And what about her shot? It wasn’t that different. From the lower vantage point, if anything, it put the horizon right through the middle of Manly Beacon. Her shot wasn’t better than everyone else’s. It was just different.

To that photographer: you weren’t the better or smarter photographer. Your photo didn’t beat out everyone else.

It made you the scorn (and disgust) of the landscape photographers that do try to capture something in a respectful way.

Take Photos. Don’t Leave Anything Behind… Not Even Footprints

“Has ‘tread lightly’ become a phrase that is as common as ‘recyclable cups,’ easy to recite but which takes effort to actually apply?”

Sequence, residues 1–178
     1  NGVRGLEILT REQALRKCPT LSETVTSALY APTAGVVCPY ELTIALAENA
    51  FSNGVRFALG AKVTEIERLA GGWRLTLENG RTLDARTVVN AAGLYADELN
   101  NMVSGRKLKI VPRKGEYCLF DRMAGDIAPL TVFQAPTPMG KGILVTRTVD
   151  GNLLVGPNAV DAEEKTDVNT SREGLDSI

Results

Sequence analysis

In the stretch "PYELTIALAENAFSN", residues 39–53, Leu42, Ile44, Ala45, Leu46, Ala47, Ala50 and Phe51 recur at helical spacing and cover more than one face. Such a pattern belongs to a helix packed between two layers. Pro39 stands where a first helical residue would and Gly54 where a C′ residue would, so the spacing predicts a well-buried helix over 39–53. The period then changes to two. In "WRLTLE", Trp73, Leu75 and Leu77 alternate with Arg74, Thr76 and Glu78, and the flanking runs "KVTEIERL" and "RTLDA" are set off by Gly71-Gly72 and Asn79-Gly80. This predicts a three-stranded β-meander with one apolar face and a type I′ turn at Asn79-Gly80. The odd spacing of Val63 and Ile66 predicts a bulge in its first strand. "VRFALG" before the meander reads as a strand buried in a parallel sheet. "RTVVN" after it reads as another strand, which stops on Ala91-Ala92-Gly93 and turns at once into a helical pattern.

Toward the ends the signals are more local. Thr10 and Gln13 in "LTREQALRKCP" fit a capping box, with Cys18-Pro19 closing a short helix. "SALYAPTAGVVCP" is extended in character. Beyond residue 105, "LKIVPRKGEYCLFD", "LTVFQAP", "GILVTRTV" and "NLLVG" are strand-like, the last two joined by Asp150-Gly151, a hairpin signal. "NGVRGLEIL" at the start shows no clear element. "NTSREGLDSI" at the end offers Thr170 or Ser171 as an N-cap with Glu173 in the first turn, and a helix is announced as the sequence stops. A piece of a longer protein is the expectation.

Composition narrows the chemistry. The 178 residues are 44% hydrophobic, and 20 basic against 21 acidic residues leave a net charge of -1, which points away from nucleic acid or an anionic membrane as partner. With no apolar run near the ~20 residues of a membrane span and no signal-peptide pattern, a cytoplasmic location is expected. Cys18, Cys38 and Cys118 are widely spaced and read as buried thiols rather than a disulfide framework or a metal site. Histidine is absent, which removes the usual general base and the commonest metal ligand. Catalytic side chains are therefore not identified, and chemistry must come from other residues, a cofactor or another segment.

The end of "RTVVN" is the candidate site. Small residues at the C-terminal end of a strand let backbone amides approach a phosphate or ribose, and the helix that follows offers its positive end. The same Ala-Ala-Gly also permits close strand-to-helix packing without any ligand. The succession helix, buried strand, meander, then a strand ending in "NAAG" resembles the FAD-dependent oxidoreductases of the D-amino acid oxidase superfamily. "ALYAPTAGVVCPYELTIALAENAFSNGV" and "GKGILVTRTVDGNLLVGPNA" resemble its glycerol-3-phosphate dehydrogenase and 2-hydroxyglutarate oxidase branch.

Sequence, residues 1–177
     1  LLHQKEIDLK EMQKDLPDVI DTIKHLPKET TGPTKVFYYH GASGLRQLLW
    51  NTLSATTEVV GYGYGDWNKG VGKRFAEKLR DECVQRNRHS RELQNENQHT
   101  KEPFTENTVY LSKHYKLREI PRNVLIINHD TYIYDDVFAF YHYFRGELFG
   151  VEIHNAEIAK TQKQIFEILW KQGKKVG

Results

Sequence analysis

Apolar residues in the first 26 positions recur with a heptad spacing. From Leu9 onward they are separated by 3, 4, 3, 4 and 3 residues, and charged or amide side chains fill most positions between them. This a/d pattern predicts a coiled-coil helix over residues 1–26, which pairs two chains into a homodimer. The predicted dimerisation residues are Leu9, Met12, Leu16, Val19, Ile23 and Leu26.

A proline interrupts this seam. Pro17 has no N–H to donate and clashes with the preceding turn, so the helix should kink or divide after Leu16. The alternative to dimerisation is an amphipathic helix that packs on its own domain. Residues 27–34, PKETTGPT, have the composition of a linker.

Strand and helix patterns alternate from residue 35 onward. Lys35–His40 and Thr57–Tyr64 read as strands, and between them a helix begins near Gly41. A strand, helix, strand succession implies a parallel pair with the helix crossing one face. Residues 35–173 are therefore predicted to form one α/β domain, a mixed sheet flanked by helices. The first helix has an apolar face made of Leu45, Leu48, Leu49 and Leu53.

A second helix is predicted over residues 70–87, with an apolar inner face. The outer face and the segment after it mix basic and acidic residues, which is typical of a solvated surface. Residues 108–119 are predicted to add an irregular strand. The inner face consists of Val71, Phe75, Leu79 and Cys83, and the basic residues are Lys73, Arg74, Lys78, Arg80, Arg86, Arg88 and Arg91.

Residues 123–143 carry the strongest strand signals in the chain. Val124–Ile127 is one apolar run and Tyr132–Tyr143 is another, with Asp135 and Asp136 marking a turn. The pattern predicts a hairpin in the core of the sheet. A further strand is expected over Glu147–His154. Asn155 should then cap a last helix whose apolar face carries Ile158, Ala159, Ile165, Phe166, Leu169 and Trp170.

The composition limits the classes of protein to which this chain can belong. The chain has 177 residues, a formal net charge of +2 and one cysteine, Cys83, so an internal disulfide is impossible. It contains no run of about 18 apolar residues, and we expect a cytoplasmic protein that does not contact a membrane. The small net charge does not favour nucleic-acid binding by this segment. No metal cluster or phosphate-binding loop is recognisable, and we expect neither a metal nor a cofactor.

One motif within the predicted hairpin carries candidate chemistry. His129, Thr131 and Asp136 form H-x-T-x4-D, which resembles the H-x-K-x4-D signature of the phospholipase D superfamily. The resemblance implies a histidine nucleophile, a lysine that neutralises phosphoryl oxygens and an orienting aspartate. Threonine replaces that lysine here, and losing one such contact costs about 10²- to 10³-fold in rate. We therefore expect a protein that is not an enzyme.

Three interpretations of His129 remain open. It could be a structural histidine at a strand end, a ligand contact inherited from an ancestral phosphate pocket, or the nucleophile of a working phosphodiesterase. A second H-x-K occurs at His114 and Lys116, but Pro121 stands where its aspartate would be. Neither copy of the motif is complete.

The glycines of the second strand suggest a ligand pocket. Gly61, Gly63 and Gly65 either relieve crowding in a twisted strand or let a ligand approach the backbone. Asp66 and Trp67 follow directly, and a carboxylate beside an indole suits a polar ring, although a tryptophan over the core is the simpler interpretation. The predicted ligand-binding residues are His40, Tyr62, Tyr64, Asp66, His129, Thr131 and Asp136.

A while back, an unknown photographer trekked out through the mud at the Sliding Rocks at the Racetrack in Death Valley. The playa there is so delicate that a mark just ½” deep on it’s surface is visible for years.

This damage would have been something that lasted for generations, but the National Park Service stepped in do perform some “reconstructive surgery” on the damaged playa.

We should never leave any sign of our presence at a location. That includes not just trash but also footprints, tripod holes or broken branches. We want to arrive at a scene and see it in its natural state, photographically pristine for our creative vision, and not in a state that looks like Bigfoot was there with his 4×5 camera.

Doctoring the Scene? Really? You Have to Stoop That Low?

It’s one thing to place a colorful leaf on a streamside rock, creating that anchor in what will probably be a nice photograph of flowing water. (I knew a photographer that kept a collection of leaves just for that purpose!) This doesn’t alter the scene, or make it irreproducible for later photographers.